Volume 4, Number 5, Page 4


Marshmallow Despair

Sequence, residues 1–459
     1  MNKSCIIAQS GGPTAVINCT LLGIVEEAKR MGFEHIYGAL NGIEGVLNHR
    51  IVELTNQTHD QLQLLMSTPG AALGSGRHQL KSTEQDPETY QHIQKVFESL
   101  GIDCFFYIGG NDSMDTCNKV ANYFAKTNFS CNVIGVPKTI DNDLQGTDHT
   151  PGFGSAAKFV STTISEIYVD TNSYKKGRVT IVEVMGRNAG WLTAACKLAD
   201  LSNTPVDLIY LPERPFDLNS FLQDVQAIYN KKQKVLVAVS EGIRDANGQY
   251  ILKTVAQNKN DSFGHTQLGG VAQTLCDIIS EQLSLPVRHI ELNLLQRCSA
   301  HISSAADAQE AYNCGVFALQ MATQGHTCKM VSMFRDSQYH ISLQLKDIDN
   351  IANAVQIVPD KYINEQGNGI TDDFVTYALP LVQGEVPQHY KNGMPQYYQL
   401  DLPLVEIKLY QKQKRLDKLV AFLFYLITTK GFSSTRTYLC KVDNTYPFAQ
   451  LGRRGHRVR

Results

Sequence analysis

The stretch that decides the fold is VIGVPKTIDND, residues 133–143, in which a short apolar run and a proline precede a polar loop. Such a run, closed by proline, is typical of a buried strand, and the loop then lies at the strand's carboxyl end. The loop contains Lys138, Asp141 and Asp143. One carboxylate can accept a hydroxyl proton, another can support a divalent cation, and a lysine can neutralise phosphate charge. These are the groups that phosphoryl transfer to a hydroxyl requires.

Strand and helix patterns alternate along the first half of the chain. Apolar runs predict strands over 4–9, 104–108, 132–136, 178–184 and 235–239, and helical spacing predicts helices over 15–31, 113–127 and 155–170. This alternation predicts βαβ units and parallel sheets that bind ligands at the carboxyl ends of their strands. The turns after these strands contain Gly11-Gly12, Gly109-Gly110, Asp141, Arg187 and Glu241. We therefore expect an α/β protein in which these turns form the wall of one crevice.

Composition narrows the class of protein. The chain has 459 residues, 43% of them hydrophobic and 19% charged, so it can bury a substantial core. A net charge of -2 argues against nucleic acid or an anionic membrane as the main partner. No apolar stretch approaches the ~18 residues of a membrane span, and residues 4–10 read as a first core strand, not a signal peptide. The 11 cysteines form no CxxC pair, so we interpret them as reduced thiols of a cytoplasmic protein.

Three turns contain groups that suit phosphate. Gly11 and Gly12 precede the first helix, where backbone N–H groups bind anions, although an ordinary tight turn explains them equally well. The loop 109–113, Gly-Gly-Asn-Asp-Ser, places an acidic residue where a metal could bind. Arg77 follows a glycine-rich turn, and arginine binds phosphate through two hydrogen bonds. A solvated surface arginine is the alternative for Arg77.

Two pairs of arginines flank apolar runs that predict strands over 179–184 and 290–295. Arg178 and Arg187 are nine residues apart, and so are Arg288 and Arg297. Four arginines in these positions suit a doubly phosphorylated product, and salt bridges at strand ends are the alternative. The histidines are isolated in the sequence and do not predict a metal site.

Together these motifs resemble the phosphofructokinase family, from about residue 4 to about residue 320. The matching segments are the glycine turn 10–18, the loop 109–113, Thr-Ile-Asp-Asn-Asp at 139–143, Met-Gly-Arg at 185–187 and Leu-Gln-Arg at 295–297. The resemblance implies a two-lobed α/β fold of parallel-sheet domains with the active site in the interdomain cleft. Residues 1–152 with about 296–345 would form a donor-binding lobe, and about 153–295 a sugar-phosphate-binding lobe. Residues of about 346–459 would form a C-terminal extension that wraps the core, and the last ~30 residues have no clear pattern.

A tragic love story/parody of Ernest Hcmingway's A Farewell to Arms/page waster Previously in Marshmallow Despair: Fred is spending the summer at Camp Hedonada, where he has fallen in love with Kathy Berkley. However, he has been forced to flee after counselors threatened to send him home for taking a shortcut through the woods. As we rejoin the story, Fred is escaping down the river. Part IV I swam back through the cool clean water near to where the camp Hedonada buildings were and then the short distance across the lake to the girls' camp. When I arrived at the shore I went to find Kathy. I knew the man who taught tennis at the girls' camp and he loaned me some of his clothes to replace the cold wet ones I was wearing. Kathy had told me the name of her cabin and I went there to try to find her. I knocked at the door of the cabin. A counselor swung open the screen door and it creaked. "Who are you?" she asked. "I am Kathy Berkley's brother. I must speak to her. It is very important. A family emergency." "All the girls are doing arts and crafts today. The cabin is half a mile that way." She pointed. "Thank you." I got to the arts and crafts cabin and looked for Kathy. She saw me. None of the other girls recognized me. I explained to Kathy what had happened. "We can stay here in the arts and crafts cabin," she told me. "There is a room upstairs." Kathy and I spent all day in our room making lanyards and macaroni necklaces. Outside we could see the clear cool lake and the fat green trees which stretched into the cool blue sky and we could see almost over to the dry yellow fields and sometimes we could hear the girls talking to each other outside. "Do you like it here?" she asked me. "It is lovely. We have a fine life." "I was afraid you might be bored." "No, I am crazy about you." "So you are not bored with me?" "No." "You are not bored with the lanyards?" "No. " "You're such a nice boy." "You are a brave girl." "That's a beautiful necklace you are making." "You like it?" "Very much." "I thought you might not like the wagon-wheels." "I do like them." "I am glad." "What a fine life we have." "It is a lovely life." That night there was a knock at the door. We heard hard footsteps on the floor beneath us. "Should we hide?" Kathy asked me. "What do you think?" "All that matters is what you want." "You are so good to me." "I will never leave you." "I am nothing without you." "Will you never go away?" "I will never go away." "You are such a nice boy." "You are a brave girl." "Should we hide?" "Would you like to?" "It might be fun." "All right." I pushed past the piles of dust to lie on the cold hard wood floor under the old bed in the room and it was dark and I wondered if my parents had sent cookies. Kathy had not found a place to hide. A minute later a counselor entered the room. "Are you Kathy Berkley?" "Yes." "You have no business being here without permission. You will be sent home immediately." He led Kathy away down the stairs and it was over.


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